27

I can answer this for the UK and Schengen members... In the first instance, consulates take your passport because there are some laws involving how a visa is issued. Prominent among those are... Paragraph 24, which states... The following must produce to the Immigration Officer a valid passport or other identity document endorsed with a United ...


-2

From the us government website https://travel.state.gov/content/visas/en/visit/visitor.html Visitor visa -> Gather Required Documentation -> Passport Passport valid for travel to the United States - Your passport must be valid for at least six months beyond your period of stay in the United States, unless exempt by country-specific agreements (PDF - 57 ...


1

APC is pointless in my opinion. I was in transit through Fort Worth airport 2 days ago and had to queue for ages for an APC kiosk (only half were working) then I had to queue for ages again for a rude CPB officer who took my photo and fingerprints again! APC seems pointless.


5

In general, border guards in third countries have no business trying to determine based on your passport if you have complied with the Schengen rules in earlier visits. Passports don't consistently contain enough information for them to do that -- for example, non-EEA nationals with residence permits in a Schengen country will routinely have widely separated ...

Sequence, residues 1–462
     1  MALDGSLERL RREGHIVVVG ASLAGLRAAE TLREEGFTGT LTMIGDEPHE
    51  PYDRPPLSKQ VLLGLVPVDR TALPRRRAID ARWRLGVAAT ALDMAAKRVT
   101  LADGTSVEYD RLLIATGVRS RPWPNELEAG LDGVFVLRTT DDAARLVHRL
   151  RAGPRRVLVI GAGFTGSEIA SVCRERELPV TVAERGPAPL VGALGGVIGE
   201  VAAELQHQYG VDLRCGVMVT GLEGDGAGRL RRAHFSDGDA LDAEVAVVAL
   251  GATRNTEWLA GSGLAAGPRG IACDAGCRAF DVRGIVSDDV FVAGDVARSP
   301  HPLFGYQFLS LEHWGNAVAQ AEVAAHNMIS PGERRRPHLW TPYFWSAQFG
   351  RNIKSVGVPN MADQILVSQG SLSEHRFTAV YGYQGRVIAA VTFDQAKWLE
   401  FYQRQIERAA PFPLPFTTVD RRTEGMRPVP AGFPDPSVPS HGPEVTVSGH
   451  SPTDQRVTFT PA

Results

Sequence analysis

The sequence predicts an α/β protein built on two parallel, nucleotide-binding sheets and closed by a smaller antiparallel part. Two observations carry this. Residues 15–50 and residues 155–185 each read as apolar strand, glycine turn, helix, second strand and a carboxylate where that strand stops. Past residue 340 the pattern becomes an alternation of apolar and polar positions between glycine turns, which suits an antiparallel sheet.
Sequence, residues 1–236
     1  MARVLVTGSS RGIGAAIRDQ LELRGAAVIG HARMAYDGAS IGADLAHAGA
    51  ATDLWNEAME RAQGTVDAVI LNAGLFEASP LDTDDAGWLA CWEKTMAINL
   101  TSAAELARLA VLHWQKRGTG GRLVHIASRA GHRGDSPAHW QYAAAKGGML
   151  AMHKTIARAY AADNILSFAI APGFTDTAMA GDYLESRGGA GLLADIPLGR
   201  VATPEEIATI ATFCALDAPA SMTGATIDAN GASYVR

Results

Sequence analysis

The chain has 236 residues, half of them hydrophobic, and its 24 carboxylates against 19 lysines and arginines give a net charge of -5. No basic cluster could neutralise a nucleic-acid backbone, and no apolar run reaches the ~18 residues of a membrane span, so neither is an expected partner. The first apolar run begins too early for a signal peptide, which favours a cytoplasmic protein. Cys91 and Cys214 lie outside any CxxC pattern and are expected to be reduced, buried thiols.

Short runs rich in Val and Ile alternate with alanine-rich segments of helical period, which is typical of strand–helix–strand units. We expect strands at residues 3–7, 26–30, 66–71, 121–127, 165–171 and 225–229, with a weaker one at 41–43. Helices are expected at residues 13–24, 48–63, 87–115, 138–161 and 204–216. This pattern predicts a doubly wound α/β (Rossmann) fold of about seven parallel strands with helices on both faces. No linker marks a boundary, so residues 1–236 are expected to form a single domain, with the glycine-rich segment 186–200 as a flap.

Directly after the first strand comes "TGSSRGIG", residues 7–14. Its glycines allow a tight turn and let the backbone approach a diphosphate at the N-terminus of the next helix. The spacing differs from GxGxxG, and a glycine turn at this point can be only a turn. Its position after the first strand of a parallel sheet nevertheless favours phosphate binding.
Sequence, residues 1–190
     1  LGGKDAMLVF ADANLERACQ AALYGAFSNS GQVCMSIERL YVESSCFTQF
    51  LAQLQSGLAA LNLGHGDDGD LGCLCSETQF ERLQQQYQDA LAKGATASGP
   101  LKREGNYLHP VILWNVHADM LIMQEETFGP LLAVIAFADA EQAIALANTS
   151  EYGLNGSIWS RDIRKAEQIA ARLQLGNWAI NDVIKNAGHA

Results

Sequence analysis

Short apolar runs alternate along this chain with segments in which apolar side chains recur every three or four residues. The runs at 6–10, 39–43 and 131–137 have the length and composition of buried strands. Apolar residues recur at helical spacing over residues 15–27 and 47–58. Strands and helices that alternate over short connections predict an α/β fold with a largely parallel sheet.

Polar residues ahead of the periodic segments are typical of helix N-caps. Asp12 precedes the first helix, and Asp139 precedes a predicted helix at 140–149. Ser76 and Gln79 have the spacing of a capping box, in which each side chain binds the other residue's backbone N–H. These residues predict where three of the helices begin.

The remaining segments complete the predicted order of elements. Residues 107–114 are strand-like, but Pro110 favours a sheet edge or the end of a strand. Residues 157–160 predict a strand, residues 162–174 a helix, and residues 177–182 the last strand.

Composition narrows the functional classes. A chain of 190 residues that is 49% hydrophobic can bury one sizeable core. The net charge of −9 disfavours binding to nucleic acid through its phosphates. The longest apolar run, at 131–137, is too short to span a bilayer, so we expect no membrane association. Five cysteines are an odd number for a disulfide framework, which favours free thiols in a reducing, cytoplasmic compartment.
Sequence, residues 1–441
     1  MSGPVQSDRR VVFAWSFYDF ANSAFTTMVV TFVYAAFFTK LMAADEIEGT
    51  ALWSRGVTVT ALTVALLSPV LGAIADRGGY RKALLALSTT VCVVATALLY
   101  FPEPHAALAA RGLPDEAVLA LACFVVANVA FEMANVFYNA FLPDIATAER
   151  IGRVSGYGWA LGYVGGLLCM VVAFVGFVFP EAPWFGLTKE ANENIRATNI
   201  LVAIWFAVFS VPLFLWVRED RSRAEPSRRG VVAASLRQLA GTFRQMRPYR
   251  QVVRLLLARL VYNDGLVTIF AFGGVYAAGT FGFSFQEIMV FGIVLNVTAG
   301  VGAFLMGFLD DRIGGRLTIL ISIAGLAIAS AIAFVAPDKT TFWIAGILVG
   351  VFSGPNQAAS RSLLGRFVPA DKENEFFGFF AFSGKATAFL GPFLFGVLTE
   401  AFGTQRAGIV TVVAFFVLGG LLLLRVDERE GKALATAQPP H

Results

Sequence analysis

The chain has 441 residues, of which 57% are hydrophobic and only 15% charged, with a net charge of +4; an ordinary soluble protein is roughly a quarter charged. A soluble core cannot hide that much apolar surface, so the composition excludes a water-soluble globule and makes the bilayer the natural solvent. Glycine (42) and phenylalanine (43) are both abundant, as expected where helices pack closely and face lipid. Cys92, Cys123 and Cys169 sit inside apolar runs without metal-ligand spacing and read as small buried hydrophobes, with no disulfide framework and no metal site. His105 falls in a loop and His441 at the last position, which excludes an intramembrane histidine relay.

1

Whenever you travel without your Schengen passport, you run the risk of being treated as someone who does not possess the right of free movement within the European union (and non-EU Schengen countries). Nobody can predict what trouble might arise. You could be "banned" from the Schengen area if you cannot prove your Schengen nationality, though the ban ...


0

We have travelled to Thailand for the past 8 years with Thai Airways and have always booked our tickets online; at no time have we ever been asked for passport numbers, just showing these at check-in. Never had any problems whatsoever.


4

The UK requires you to have a current and valid passport at the moment you apply for a Tier 2 visa. Current and valid seems to mean that the passport should be valid for the entire duration of your stay, although this kinda conflicts with the whole concept that passports do in fact expire. However, this is nothing to be worried about. As long as the passport ...